Talks due over health crisis

A HEALTH watchdog has today called for urgent talks with bosses at Ipswich Hospital after faltering emergency procedures have again been highlighted.Hospital chiefs have agreed to meet with members of the hospital trust's Patient and Public Involvement Forum after the patients' watchdog called for an urgent review.

A HEALTH watchdog has today called for urgent talks with bosses at Ipswich Hospital after faltering emergency procedures have again been highlighted.

Hospital chiefs have agreed to meet with members of the hospital trust's Patient and Public Involvement Forum after the patients' watchdog called for an urgent review.

Today The Evening Star can reveal the news of the talks coincided with:

n paramedics again being forced to man a temporary holding area for A&E patients yesterday because A&E could not cope with the rush of patients.

n A pledge by hospital chiefs to end the use of so-called "clock beds" in already full wards except in exceptional circumstances.

n And the leaking of a stinging report into emergency care at Ipswich Hospital.

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The call from the PPI forum coincides with the leaking of a draft report written by the NHS Modernisation Agency which followed a visit to Ipswich Hospital by its Emergency Care Project Team on October 14.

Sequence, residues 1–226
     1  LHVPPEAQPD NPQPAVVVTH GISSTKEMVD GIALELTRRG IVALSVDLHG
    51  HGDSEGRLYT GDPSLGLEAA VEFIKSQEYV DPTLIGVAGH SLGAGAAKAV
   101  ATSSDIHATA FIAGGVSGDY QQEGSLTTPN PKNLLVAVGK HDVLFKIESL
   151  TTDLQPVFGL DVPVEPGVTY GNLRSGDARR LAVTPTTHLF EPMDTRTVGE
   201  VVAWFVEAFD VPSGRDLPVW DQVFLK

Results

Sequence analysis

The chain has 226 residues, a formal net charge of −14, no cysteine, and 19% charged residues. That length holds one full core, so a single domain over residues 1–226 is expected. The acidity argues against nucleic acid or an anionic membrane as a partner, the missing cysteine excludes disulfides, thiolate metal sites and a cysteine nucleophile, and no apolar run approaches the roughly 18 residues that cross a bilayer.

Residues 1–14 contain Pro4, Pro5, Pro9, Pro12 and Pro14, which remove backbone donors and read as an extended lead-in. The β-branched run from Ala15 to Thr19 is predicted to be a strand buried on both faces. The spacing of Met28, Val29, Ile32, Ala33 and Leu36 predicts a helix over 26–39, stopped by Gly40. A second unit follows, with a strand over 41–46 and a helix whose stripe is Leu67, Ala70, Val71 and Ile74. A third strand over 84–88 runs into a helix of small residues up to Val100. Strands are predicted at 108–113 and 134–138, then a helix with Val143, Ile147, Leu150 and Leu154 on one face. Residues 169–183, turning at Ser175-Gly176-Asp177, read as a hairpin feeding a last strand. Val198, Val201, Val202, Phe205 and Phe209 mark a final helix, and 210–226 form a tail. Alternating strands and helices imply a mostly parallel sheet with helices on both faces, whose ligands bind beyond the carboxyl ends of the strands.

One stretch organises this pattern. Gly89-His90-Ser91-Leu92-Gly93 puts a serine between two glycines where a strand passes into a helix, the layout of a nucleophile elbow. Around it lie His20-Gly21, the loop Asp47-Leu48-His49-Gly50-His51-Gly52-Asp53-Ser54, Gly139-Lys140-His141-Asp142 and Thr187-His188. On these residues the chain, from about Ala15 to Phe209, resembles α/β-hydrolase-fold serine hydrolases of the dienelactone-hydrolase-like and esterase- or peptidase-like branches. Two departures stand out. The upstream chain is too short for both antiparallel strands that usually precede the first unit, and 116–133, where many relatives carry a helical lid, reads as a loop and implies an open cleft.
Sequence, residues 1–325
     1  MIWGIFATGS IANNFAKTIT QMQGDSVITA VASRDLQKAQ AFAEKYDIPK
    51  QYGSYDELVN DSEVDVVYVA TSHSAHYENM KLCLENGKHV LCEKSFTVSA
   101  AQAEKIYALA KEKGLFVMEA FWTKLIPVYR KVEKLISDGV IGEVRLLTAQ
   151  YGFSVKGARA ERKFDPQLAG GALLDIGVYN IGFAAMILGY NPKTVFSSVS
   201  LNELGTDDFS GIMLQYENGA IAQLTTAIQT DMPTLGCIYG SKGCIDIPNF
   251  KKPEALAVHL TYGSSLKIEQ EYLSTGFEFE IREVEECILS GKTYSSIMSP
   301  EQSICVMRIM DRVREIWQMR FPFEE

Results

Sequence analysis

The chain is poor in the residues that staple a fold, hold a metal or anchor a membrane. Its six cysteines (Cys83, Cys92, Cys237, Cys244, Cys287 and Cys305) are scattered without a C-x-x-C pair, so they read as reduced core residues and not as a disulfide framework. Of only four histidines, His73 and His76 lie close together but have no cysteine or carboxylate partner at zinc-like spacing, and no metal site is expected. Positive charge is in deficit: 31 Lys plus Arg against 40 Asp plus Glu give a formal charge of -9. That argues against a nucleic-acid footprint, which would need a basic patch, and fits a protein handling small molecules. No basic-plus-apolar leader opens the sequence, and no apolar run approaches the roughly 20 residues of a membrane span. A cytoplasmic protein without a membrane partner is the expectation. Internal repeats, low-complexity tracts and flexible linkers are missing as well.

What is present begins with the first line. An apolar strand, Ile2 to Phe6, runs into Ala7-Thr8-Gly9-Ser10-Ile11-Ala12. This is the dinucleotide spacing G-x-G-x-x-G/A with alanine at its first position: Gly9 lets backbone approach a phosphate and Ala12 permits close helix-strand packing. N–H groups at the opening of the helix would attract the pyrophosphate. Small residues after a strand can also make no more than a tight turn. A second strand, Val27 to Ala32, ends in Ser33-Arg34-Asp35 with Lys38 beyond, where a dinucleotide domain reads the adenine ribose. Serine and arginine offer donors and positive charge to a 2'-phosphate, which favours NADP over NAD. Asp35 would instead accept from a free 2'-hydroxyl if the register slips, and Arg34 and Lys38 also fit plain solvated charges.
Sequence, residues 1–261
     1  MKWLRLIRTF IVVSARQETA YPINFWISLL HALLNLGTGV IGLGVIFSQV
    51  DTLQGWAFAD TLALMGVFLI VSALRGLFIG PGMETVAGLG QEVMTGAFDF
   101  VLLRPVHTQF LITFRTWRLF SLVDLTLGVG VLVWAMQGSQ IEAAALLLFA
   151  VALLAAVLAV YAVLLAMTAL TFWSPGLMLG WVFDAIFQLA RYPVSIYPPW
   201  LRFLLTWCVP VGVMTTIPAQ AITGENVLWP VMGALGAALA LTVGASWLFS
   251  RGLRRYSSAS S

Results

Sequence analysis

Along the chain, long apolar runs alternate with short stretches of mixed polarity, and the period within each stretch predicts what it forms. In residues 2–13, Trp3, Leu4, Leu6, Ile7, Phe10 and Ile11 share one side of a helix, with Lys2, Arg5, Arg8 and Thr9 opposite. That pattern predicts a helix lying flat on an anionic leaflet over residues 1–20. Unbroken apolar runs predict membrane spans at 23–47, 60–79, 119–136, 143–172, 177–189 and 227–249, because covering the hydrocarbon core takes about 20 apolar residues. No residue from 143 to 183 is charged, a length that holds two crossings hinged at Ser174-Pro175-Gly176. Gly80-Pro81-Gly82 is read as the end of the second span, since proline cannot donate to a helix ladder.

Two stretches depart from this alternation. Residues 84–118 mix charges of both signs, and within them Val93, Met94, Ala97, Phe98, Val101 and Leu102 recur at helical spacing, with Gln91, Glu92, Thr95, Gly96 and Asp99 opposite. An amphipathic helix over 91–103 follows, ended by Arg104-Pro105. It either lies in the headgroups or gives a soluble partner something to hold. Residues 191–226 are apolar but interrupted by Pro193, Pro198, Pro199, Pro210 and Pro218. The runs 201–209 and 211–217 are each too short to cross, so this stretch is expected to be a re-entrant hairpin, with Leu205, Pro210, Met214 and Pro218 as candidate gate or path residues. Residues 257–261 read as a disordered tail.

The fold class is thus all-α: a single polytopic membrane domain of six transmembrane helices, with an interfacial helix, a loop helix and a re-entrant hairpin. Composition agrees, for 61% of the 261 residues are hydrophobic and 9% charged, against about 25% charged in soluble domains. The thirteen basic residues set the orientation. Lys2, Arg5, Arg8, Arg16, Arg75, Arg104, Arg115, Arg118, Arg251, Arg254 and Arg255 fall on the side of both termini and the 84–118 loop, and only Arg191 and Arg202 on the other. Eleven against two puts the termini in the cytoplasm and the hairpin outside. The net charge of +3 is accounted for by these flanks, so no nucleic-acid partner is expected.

The report praised the efforts and skills of staff but contained a series of damning criticisms of the way the hospital operates.

The report's findings included:

N revelations that "bed capacity is not an issue" but "bed management and patient flows are major problems requiring urgent solutions"

N Failures in the leadership of the trust resulting in a lack of cohesive approaches to addressing problems and the solutions to those problems.

N a rewriting of its four-hour target action plan if the Trust is to meet government targets on patients waiting times by the December deadline

N And calling for an end to the practice of holding patients on ambulance trolleys

Ipswich Hospital today revealed it requested the review by the Modernisation Agency and said the final version of the report, which is yet to be published, had undergone significant alterations.

On the hospital's leadership the draft report said: "The same problem/solution is approached from many angles throughout the organisation, without evidence of leadership, cross boundary communication and clear lines of responsibility."

The report's author, Emergency Services Team associate director Georgie Sullivan, also stressed that the long-awaited opening of an Acute Medicine Unit at the hospital would not be the answer to all its ills.

She wrote: "The myth that the opening of the AMU in mid November will solve bed waits and medical outliers needs to be dispelled."

Ms Rowsell described the leaked report as "very, very draft".

"We're delighted this very senior team of people came," she said.

"What the review does is support the work underway at the hospital.

"The review team came for a few days and they produced a very draft report.